“Zucchini and summer squash marinated with garlic, oil and spices.” — George Collins

“Half peaches with brown sugar and goat cheese!” — Karen Winquist Forester

“Mesquite marinaded chicken breast. Stop by and I’ll show ya how it’s done.” — Joe May

Carole Valade Editor, Grand Rapids Magazine PHOTOGRAPHY BY JOHNNY QUIRIN (TOP); COURTESY THINKSTOCK (BOTTOM)

A winning community

Residents throughout the region volunteered to help fill sandbags as the water crested, and later helped clean the river banks. That’s the kind of community West Michigan residents cite with pride, refer to as the reason to stay and return to if they leave. And that is the community Christian Gaines now joins as the new executive director of ArtPrize. Gaines, a Vassar graduate, comes here from Sherman Oaks, Calif., where he was in charge of business development for IMDb. com, an entertainment business database site. Gaines built his expertise with Sundance Film Festival, the American Film Institute and the Hawaii International Film Festival. Gaines’ skills are wholly needed in these pre-ArtPrize months, but Grand Rapids Magazine also notes in this issue the Waterfront Film Festival, which has garnered the talent and energy of many in the area. The film festival is moving this year from Saugatuck to South Haven, the result of continued expansion. A combination of skill sets — and incredible community volunteerism — also is evident as Festival of the Arts unrolls the tents for its 44th year. It seems to me that ArtPrize has helped the community focus on the extraordinary art and photography entered into competition — not just the “food fest” of nonprofit vendors feeding the Festival crowds. Can’t let this month go by without a salute to the thousands of athletes of every age and ability who are heading here from throughout Michigan to participate in the Meijer State Games of Michigan June 21-23.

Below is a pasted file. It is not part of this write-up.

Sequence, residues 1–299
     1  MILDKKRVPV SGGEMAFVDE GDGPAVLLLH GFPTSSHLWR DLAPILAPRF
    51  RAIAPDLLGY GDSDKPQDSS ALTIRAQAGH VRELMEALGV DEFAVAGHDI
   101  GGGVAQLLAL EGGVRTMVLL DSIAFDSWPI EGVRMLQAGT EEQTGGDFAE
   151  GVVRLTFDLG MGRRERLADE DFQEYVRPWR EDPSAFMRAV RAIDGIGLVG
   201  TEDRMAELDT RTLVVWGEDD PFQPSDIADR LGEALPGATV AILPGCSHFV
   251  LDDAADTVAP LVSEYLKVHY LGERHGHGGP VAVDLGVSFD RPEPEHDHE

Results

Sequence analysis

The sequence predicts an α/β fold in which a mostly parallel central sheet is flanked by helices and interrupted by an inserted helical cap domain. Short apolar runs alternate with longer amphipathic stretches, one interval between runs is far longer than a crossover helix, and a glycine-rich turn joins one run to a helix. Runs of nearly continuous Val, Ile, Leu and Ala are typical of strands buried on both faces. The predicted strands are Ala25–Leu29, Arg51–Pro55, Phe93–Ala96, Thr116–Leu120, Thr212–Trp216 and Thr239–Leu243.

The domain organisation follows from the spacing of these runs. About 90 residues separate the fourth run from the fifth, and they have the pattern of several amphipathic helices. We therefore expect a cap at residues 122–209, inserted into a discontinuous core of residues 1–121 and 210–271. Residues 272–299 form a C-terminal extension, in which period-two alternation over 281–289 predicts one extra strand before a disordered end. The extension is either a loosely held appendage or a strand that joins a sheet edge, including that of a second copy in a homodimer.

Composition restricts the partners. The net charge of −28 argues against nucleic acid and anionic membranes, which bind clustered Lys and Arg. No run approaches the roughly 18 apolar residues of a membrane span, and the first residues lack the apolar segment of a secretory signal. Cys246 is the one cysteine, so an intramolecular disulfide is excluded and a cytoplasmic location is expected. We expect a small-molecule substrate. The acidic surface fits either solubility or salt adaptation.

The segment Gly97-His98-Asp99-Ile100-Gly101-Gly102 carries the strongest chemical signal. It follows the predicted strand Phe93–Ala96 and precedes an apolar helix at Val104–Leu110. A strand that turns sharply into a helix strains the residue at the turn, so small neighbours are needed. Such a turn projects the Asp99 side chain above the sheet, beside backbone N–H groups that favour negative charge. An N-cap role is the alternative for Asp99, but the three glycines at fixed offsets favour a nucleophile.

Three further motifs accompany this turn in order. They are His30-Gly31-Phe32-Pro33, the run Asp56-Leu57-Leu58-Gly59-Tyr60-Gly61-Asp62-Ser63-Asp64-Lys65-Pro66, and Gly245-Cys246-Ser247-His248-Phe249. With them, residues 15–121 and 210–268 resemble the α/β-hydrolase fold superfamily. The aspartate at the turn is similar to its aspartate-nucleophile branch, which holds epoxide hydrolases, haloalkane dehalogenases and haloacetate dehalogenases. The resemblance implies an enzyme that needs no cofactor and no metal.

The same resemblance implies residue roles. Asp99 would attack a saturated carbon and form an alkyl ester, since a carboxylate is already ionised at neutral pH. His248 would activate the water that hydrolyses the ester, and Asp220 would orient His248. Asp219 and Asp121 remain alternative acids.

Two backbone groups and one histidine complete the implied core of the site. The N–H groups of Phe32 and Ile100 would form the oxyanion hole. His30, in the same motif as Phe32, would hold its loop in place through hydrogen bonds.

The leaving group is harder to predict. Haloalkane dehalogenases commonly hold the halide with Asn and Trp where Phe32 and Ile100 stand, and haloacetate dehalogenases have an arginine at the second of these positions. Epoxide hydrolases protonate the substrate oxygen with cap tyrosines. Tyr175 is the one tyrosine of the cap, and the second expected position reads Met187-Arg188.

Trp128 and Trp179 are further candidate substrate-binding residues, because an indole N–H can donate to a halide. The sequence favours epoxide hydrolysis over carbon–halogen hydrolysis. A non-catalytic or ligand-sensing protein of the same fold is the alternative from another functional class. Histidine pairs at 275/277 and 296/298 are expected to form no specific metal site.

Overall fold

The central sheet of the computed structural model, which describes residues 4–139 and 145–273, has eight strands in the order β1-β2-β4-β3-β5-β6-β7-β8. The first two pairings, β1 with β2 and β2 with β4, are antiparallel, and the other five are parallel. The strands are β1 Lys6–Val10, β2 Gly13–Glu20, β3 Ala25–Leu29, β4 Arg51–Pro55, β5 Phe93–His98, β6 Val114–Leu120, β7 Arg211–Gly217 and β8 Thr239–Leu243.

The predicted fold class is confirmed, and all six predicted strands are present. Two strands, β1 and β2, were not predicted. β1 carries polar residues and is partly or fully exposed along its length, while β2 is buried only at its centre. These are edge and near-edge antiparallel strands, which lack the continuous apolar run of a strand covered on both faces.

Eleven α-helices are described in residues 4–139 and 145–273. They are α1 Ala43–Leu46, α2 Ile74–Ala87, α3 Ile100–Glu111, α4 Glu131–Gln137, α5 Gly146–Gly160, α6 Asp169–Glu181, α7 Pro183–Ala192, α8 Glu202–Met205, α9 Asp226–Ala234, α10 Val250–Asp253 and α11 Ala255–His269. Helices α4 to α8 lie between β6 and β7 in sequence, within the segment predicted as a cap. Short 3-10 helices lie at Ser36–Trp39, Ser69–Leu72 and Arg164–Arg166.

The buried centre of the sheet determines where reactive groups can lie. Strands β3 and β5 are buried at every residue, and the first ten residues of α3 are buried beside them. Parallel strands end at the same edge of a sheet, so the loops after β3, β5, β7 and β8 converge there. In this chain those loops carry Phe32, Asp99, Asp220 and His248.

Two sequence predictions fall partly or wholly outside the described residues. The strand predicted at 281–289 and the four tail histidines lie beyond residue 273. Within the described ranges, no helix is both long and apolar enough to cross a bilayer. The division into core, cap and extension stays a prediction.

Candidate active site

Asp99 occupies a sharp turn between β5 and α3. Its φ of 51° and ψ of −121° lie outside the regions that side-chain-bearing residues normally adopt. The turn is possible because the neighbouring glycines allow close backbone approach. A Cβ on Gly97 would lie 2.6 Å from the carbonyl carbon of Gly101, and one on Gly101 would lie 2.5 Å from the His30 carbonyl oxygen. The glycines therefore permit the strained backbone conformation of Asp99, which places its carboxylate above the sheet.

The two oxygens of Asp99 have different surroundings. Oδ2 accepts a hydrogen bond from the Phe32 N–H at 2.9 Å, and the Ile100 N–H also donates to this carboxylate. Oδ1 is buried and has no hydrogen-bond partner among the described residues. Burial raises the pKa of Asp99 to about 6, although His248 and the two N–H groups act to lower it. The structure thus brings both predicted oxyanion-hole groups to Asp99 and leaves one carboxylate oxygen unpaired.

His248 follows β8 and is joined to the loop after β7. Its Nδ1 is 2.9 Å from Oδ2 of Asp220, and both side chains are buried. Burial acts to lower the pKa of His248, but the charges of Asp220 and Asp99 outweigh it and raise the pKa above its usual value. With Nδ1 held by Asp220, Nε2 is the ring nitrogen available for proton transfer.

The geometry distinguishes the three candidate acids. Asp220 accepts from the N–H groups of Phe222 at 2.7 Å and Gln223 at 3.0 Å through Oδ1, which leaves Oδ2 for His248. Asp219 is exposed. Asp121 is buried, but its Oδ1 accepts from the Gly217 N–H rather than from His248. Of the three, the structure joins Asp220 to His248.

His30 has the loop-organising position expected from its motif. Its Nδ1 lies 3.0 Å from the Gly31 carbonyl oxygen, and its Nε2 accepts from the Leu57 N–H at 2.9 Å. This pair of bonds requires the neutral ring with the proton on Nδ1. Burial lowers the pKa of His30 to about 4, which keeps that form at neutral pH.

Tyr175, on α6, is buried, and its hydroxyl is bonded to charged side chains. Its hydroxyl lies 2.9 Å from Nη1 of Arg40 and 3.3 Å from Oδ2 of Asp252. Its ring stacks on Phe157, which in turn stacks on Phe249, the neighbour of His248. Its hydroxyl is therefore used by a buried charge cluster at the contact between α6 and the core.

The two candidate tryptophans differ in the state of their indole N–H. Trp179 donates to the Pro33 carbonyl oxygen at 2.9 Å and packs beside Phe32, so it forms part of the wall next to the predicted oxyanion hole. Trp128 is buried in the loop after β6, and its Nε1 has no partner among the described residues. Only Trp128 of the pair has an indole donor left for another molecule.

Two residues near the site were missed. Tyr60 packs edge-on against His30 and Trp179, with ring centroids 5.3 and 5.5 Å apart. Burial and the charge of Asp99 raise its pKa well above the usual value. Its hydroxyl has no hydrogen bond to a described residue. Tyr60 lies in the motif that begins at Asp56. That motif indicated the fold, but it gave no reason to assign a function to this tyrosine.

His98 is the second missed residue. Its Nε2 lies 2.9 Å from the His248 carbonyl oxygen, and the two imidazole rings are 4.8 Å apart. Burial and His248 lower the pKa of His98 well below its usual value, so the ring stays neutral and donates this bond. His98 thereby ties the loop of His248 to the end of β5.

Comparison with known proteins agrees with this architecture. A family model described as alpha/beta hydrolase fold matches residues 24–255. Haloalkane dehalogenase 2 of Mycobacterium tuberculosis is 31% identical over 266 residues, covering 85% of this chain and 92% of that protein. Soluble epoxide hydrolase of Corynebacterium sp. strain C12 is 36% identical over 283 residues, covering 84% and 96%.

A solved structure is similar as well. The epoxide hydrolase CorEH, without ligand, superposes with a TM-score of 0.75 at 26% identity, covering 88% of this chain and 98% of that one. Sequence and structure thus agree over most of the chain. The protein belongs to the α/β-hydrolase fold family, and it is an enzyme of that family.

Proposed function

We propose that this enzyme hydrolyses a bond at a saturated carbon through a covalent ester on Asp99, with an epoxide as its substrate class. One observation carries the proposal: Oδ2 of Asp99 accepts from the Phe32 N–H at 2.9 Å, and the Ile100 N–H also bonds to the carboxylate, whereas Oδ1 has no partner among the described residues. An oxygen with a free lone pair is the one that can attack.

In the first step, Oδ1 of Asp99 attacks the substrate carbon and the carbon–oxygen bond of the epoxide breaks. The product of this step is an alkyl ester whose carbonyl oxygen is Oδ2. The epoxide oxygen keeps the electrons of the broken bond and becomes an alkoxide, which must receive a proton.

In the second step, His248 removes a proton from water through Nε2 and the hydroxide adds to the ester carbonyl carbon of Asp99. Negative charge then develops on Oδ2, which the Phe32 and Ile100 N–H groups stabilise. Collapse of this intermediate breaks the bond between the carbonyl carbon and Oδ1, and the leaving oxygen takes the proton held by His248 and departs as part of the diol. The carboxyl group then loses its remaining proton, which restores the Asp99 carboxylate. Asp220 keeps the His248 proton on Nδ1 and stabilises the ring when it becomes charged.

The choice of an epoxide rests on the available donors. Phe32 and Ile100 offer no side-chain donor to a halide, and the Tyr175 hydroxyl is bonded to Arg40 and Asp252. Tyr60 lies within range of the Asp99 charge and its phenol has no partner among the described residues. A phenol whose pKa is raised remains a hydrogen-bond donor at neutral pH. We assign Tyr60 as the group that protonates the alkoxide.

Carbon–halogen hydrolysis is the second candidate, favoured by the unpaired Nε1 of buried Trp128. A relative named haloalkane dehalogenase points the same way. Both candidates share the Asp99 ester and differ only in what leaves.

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Photography by Johnny Quirin (top); courtesy thinkstock (bottom)

Fast, Expert Service

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contributors BeHInD the scenes

Custom Cabinets 2/

1/ DAInA KRAAI is a freelance writer, editor, wife and soon-to-be new mom who urban-homesteads in the Creston neighborhood of Grand Rapids. When she’s not busy gardening, canning, or walking her dog, she also enjoys exploring new areas of the city and eating local food.

Produced locally by our talented craftsmen

2/ PAT eVAnS is a recent Michigan State graduate who is now a reporter at Gemini Publications, a bar manager at Mitten Brewing Co. and writing a book with a former NFL player. He also has managed two bands in the Grand Rapids music scene.

Design Center 4265 28th St. SE Grand Rapids, MI